But you don’t, what you’d need to get through the state legislatures of Texas and Mississippi in this case would have been a repeal of the sodomy laws, in which case the main enemy is legislative inertia and, provided it is possible in the state legislatures, getting around state senators filibustering and/or governors refusing to sign such a bill. I mean had Indiana still had a sodomy law on the books I don’t think a governor Mike Pence would have signed legislation designed to repeal it.
Absent binding state referenda on these matters it seems like you would need to line up a perfect set of dominoes in the recalcitrant states from the legislature all the way to the governor’s office.
If they were that much out of favour why not appeal to the Texas state legislature to repeal them, preferably with a re-enfranchisement clause for men who have a criminal record solely because of an old sodomy conviction? Clearly there must have been some combination of just enough legislative opposition or an unmovable governor as to make that route seem impossible. Which it still seems to be as recently as 2016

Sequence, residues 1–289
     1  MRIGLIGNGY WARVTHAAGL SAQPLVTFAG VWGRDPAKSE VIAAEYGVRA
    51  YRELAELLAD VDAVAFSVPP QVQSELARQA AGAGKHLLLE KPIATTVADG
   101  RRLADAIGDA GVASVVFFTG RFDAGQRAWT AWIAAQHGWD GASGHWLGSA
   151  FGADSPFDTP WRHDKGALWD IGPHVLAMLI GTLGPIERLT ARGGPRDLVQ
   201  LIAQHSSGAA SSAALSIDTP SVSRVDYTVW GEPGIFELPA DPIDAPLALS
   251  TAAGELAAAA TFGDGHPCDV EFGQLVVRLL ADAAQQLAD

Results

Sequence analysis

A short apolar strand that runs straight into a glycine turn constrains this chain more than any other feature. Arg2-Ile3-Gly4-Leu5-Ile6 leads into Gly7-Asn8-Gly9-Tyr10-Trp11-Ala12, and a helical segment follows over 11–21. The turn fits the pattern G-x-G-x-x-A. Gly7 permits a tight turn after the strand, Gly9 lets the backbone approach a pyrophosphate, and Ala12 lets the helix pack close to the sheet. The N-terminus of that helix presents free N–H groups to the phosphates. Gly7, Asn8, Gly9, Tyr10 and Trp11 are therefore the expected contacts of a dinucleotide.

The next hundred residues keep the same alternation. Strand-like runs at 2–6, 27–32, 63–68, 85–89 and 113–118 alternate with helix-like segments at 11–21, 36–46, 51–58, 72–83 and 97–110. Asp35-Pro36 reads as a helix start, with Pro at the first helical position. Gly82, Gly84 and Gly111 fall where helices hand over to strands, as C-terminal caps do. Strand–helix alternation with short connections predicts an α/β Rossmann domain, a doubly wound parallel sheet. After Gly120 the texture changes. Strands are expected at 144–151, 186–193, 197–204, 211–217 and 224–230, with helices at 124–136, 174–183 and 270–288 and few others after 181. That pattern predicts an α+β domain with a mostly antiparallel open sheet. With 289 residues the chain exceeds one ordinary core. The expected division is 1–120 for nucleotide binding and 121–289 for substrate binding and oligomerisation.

To borrow the words of your current president “so sad”.
But I guess the only reason why it is not repealed more then a decade after Lawrence is exactly because some people are hoping on a repeal of Lawrence, which would make these Texas laws constitutional again.
Edit: Seems like Texas in particular is already gone far enough that the voters are little more than window dressing and you’d need the Texas equivalent of a constitutional convention as well as sweeping aside its Republican and Democratic machines to even begin to clean it up and bring it up to date for the 21st century.
That would seem to depend on if Trump or Pence get to replace Ginsberg and/or Breyer too, as a hard-line conservative in the mold of Thomas or Gorsuch who seem to have considerably less judicial restraint would allow a conservative majority even without Chief Justice Roberts signing on.